|Paul Stout, Devon deGroot & Laura Espino|
Day-by-day, the slices of turkey, pastrami, and cheddar dwindle away. Already there are no more chips and no more Dr. Pepper. But at Toasty Subs that just recently celebrated its grand opening, the three “sandwich artists” continue to spread what mustard is left on the few sourdough and wheat buns remaining, hoping that the weeks-absent owner soon returns to resupply the “Home of the Tasty Torpedo” and to pay them their $7.25 per hour minimum wage.
As conditions worsen, they discover a bit of entrepreneurial ingenuity and a lot about teamwork while also providing us with many laughs in Bess Wohl’s dark comedy about what it is like in today’s economy to be at the bottom of the ladder, barely hanging on. The Custom Made Theatre Co. presents a pleasantly entertaining American Hero – a mixture of quirky, satirical, and bizarre – that in the end is a play where the pathos of the three employees we meet gives us pause about how many millions of others live lives not that different from theirs in a corporate America just as unresponsive to employee needs as is the offices of Tasty Subs.
|Devon deGroot & David Boyll|
Back on the first day of the job, owner Bob reads from a manual meticulously detailed instructions in his overly loud, heavy accent about how to run a Tasty Sub — information he clearly is reading for the first time. Sheri – a late-teen who works until 4 a.m. at a local tacoria before showing up here at 7 (catching only a few winks in her car in between) — is barely awake and totally unaware of what Bob is saying. Thirty-three-year-old Jamie – single mom with three kids barely holding onto their custody — could not look more bored as she picks at the table’s edge with her fingernail. On the other hand, forty something Ted – an MBA laid off after twenty years in a Bank of American corporate job — is diligently taking notes, hanging on with eager nods and big smiles to every word Bob reads, often echoing Bob’s read words in seemingly delighted agreement about the required one-quarter-inch slice restriction on all peppers.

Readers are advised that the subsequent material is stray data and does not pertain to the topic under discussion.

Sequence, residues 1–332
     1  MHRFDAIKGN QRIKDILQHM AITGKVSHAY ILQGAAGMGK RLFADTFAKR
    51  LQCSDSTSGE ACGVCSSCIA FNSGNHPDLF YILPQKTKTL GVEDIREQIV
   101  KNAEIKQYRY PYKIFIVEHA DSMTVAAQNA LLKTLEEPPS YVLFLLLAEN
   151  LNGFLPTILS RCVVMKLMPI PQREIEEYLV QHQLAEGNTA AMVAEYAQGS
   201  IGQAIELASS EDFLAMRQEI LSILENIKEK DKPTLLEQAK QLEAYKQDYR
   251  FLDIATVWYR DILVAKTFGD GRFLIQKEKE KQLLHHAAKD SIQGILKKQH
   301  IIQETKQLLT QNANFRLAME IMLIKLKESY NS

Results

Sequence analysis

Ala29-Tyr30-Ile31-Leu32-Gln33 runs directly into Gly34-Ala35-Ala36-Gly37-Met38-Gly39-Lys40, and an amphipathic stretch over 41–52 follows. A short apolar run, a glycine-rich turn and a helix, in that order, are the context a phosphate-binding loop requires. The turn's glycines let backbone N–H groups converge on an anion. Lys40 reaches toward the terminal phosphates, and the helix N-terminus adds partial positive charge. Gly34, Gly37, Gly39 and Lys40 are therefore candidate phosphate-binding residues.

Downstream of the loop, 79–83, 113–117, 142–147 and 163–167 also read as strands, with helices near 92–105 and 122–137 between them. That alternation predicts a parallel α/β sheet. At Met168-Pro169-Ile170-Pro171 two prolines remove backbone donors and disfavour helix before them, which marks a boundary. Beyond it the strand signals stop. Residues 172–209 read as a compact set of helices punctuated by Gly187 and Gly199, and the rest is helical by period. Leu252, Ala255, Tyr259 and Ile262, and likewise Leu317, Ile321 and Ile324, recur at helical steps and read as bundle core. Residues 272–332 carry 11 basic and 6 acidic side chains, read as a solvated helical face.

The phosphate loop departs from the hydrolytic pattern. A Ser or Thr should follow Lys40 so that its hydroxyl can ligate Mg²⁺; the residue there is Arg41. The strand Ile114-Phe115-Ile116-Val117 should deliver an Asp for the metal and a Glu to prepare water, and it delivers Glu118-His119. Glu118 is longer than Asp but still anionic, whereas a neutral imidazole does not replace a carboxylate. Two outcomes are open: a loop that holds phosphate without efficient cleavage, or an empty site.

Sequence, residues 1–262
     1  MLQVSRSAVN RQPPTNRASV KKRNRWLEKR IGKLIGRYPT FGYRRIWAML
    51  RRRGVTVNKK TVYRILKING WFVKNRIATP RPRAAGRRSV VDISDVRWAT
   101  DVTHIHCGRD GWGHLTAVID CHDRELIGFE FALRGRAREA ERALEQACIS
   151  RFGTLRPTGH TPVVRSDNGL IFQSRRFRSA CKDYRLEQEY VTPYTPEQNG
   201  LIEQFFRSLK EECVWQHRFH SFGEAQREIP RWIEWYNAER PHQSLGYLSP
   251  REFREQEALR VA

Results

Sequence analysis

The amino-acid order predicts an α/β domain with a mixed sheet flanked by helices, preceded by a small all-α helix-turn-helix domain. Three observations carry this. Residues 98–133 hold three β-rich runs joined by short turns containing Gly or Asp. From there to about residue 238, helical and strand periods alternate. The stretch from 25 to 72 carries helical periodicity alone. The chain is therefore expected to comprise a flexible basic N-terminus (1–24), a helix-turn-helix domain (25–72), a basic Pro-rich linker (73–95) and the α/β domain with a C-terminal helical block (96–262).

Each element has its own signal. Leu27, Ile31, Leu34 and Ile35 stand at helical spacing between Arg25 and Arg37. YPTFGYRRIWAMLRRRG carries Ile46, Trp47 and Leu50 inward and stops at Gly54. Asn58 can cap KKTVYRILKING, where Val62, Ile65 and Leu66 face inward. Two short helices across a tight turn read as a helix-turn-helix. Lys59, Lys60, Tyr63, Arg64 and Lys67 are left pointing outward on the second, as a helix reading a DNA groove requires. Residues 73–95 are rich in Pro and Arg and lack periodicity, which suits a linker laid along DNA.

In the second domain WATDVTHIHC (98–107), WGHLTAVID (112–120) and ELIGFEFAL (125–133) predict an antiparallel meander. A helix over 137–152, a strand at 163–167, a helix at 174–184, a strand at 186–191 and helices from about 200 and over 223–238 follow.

|Devon deGroot, Laura Espino & Paul Stout|
Things get a little more dicey when the team of three – now divided into the highly differentiated roles of ‘baser’ (Sheri), ‘finisher’ (Ted), and ‘wrapper’ (Jamie) – practice with increasing duress under the demanding stop-watch of Bob how to create one of their sandwich delicacies in twenty seconds or less. (If any Subway franchise starts coming come to mind, there is be no doubt of the parallel in the recreation of such a shop that Heather Kenyon has so cleverly and accurately designed – of course using other color schemes and sandwich names/pictures.)
Just as the team begins to get into the swing of things, their boss Bob disappears, only to appear one more time to take a call in the backroom, shouting in some foreign tongue that leads Ted to want to call the Feds about Bob’s being a possible terrorist. Calmer voices prevail from the other two, with their deciding to call instead ‘corporate,’ since now they are concerned how to reorder supplies, how to get paid, and even how to set the required burglar alarm when they leave at night.
Those calls, which in time mount to over one hundred, get them nowhere. It is then when desperation and near-panic for three who have little-to-no other chance for any kind of other employment realize that while they can no longer serve the highly popular steak subs or even turkey on rye, they can now serve PB&J, Sheri’s secret recipe for tuna salad, or even Ted’s wife’s leftover meatloaf. And suddenly these three who came in with little in common are now a tight-knit team, high-fiving each other’s inventiveness and the shop’s new life.
Each of the actors playing the three brings personalities that are both weirdly out-of-sorts and yet totally relatable and even believable. Sheri (Devon deGroot) is all teen in her ability to be all over the emotional rollercoaster in just a matter of minutes, sometimes seconds. She can go from being super eager in her job as ‘baser’ to ask ‘white or wheat’ with much sincerity to being ready to bolt in her taco-job, straw hat the moment her shift is over, no matter what crisis is occurring in that minute. Sheri is a source of new ideas for the team to try, being a teen who could care less for the corporate manual’s requirements that Ted so likes to quote. She also discovers that while she stated up front “I’m not really here to make friends,” Ted and Jamie are just the friends maybe she needs now in her all-work life.